Like attracts like in the business world. If it is a bunch of QSR, fast-food places nearby, then it means marketing will be a bigger need to get your identity and model in the minds and memories of folks. If you have more dining places that are mid-point and up (think Chili’s, Steak houses, white tablecloth stuff), then easier to sell an upscale place in that market as people will already have the mindset. Also, I find the higher the market position, the more other same-position restaurant types become competitive for your target customers.

For my advice, it is not a deal breaker, but a consideration when seeing what sort of places are attracted to Wal-Mart in your broad region. Know the market, know the marketing pressures and know the competition.(south GA is definitely not your fine dining options in Wal-Mart lots) YMMV.

I think it’s important to not automatically jump to a false demographic of the typical Walmart customer these days as well. I know it’s tempting to rely on the “peopleofwalmart.com” type stuff, but if you’ve been paying attention to marketing trends you’ll read that Wally is making a bold move to “local”, “natural”, “organic”, in their food wares. All the buzz words that are driving OUR customers as well.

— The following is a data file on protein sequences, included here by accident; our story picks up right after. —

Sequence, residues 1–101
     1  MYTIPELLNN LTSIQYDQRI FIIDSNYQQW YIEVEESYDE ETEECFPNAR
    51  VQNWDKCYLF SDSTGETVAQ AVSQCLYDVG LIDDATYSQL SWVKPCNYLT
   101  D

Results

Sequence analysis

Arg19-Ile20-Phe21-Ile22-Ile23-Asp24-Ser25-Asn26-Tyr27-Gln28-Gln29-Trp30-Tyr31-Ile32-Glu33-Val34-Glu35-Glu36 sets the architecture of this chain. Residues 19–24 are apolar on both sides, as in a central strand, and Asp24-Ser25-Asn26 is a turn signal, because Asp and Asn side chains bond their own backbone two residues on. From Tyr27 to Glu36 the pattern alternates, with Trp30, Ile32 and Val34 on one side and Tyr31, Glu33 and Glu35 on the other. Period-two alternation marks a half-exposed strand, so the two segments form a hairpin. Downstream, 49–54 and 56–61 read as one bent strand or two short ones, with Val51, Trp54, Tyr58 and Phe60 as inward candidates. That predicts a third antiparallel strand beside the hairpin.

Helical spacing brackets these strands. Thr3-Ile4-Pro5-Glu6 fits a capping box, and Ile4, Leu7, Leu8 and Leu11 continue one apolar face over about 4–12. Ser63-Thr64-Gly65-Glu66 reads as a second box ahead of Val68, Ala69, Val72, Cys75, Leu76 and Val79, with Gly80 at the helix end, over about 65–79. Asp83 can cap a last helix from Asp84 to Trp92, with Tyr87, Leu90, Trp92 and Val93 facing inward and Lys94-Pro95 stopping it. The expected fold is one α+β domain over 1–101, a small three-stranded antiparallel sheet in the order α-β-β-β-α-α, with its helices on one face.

Ok…shop there or not… we all have. Bottom line is we are talking about 6100 sq ft. That is not a little start up. That is going to take alot of investment to make it a higher end setting for people too enjoy. Yes I am sure there are some nicer restaurants around Walmarts somewhere… but he has a shoe store, a Chinese, and a pizza joint. Problem I see is that you do not have immediate shopping that does not require, for most cases, a return home with the groceries. Not like you can leave it all in the car while you sit down and enjoy a 60min plus meal. I think finding a slightly smaller spot near a mall or different set of stores would have a better chance to succeed.